An investigation into the mechanisms controlling seasonal speedup events at a High Arctic glacier.
Seasonal variations in ice motion have been observed at several polythermal ice masses across the High Arctic, including the Greenland Ice Sheet. However, such variations in ice motion and their possible driving mechanisms are rarely incorporated in models of the response of High Arctic ice masses to predicted climate warming. Here we use a three-dimensional finite difference flow model, constrained by field data, to investigate seasonal variations in the distribution of basal sliding at polythermal John Evans Glacier, Ellesmere Island, Canada. Our results suggest that speedups observed at the surface during the melt season result directly from changes in rates of basal motion. They also suggest that stress gradient coupling is ineffective at transmitting basal motion anomalies to the upper part of the glacier, in contrast to findings from an earlier flow line study at the same glacier. We suggest that stress gradient coupling is limited through the effect of high drag imposed by a partially frozen bed and friction induced by valley walls and significant topographic pinning points. Our findings imply that stress gradient coupling may play a limited role in transmitting supraglacially forced basal motion anomalies through Arctic valley and outlet glaciers with complex topographic settings and highlight the importance of dynamically incorporating basal motion into models predicting the response of the Arctic's land ice to climate change.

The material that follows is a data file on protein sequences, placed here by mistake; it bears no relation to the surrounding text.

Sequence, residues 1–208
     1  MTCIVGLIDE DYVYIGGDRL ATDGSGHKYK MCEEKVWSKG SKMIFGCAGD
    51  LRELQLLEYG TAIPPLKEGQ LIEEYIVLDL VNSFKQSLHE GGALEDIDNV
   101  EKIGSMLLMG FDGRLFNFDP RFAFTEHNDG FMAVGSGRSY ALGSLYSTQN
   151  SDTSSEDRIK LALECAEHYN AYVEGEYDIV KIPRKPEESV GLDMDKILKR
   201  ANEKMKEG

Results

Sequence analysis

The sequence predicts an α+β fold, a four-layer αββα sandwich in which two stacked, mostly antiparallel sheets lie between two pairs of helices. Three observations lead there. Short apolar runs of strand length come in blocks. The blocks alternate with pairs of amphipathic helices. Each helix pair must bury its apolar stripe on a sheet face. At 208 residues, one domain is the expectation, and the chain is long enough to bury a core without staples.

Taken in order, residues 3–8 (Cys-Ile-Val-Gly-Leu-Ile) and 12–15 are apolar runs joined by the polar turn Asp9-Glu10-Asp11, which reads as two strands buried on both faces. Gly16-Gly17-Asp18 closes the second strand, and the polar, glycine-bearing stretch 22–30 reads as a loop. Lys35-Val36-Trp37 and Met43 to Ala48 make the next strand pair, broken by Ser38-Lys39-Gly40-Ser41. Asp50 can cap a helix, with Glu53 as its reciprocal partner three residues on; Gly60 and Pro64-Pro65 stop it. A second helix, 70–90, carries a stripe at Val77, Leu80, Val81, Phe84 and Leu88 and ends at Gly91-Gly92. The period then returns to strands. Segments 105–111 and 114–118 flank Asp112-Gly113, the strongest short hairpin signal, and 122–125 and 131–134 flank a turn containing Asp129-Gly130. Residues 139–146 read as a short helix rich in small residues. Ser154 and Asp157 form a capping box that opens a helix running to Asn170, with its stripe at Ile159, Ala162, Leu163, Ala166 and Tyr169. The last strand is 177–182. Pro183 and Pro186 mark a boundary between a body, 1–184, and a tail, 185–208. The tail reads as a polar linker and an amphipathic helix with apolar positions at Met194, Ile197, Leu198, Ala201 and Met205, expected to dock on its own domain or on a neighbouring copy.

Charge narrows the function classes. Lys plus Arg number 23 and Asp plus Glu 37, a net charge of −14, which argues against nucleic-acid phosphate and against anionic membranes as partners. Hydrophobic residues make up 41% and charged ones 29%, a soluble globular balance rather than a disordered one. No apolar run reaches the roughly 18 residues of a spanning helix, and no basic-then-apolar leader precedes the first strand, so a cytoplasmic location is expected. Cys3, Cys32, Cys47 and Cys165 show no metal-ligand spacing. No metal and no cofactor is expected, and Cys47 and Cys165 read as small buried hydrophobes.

Authors: Bingham, Robert G., Hubbard, Alun L., Nienow, Peter W., Sharp, Martin J.